Kim Kardashian sparks conservation debate in Marilyn Monroe dress - Museums Association

Kim Kardashian sparks conservation debate in Marilyn Monroe dress

Poll: Is it ever acceptable for historically significant fashion to be reworn?
Marilyn Monroe's 'Happy Birthday' dress was acquired by Ripley's Believe It or Not Museum in 2016 Ripley’s Believe It or Not

Kim Kardashian's outfit for this year's Met Gala has led to a fierce debate among conservators and curators about the ethics of wearing historic fashion.

The reality star donned the original gown worn by Marilyn Monroe to sing happy birthday to president John F Kennedy in May 1962. Created by Hollywood costume designer Jean Louis, the skintight, jewelled garment is believed to be the most expensive garment ever sold, fetching $4.8m when it was acquired by the Ripley's Believe it Or Not Museum at auction in 2016.

Kardashian wore the dress for several minutes on the Met Gala red carpet before changing into a replica. Because no adjustments could be made, the star was unable to fasten the dress at the back and wore a fur stole to conceal the open zip.

The Los Angeles Times reports that the decision by Ripley's - which is listed as an attractions company rather than a museum and does not hold an accessioned collection - to allow a garment of such historic significance to be reworn had left textile conservators and fashion curators “speechless”.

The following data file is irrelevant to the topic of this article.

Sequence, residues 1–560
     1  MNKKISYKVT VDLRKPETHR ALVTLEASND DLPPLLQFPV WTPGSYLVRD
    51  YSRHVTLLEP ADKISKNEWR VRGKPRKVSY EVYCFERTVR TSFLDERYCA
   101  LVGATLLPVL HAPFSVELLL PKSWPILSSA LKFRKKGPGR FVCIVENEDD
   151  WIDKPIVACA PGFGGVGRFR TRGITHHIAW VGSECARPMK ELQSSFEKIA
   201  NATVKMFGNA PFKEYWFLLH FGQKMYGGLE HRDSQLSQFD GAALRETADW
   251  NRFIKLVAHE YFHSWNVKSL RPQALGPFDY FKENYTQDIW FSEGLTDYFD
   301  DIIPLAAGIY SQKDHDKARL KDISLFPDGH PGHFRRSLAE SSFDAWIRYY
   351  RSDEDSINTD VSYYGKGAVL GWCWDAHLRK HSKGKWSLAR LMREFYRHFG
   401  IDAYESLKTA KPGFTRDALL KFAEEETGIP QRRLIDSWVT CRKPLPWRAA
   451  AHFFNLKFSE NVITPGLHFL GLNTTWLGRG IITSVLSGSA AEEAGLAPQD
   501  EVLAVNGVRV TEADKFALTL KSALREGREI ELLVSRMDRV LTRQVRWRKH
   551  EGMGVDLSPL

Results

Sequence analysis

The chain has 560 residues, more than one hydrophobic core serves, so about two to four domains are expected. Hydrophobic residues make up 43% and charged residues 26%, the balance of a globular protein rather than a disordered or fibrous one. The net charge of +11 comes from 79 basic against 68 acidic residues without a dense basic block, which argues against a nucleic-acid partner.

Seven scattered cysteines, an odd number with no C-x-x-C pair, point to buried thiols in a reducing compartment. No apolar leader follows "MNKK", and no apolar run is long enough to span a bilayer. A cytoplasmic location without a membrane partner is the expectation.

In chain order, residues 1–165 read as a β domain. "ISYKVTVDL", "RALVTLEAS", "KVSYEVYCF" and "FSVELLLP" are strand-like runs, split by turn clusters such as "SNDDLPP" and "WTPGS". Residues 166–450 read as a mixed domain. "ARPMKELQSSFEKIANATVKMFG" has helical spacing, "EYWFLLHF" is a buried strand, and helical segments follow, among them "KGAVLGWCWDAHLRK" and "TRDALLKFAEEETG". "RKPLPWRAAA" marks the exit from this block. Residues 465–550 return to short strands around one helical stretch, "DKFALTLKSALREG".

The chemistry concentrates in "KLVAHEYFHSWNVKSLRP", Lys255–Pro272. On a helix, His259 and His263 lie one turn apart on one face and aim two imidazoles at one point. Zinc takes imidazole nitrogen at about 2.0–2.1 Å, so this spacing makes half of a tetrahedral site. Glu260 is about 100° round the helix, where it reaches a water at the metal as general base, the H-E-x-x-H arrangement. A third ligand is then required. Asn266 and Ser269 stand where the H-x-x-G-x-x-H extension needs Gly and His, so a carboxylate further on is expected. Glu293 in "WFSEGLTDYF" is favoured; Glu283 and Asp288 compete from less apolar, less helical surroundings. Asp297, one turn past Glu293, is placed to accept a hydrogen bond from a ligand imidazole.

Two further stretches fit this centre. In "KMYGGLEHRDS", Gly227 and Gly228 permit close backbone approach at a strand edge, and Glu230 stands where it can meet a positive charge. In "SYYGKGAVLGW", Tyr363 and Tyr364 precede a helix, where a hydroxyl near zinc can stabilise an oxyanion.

“I’m frustrated because it sets back what is considered professional treatment for historic costume,” Sarah Scaturro, chief conservator at the Cleveland Museum of Art, told the LA Times. “In the '80s, a bunch of costume professionals came together to state a resolution that historic costume should not be worn. So my worry is that colleagues in historic costume collections are now going to be pressured by important people to let them wear garments.”

Another art conservator, Cara Varnell, told the paper: “We just don’t wear archived historic pieces... something that’s archived means it has enough cultural importance that we value it and want to save it. The dress represents something very important — it’s part of our collective cultural heritage. I’m speechless over it.”

Ripley's said Kardashian had added to the garment's historic significance by wearing it to the gala.

“We are truly proud to be the stewards of such an iconic artifact and are excited to be able to add to its cultural significance with Kim Kardashian, who is sharing the story of Marylin Monroe and her iconic career with an entirely new generation,” Ripley’s vice president of publishing and licensing, Amanda Joiner, said in a statement.

Comments (2)

  1. Ayesha Fuentes says:

    Meanwhile, communities of origin and diaspora groups are working against museum decision-makers and their gatekeeping mechanisms to gain access to their heritage within collections. The issue here, for me, isn’t necessarily the re-use or re-activation of historic materials, but rather the privileges of wealth and fame.

  2. Sarah Williams says:

    Historic costume is not for wearing! It is yet further evidence of collections not governed by museum ethics believing it is acceptable to breach any guidelines, and flout all the rules! This is nothing new, as a museum professional specialising in costume and textiles I was invited some years ago to visit a lady who held a ‘private costume collection’. I was horrified to find that all the costumes were on dress rails and she boasted of having her models wear them on catwalk shows!! Worse still was when she brought out a Polonaise dress and shook it like on old blanket before spreading it out, and then commenting about not knowing why it was all open at the front. Leave costume to the professionals to look after please.

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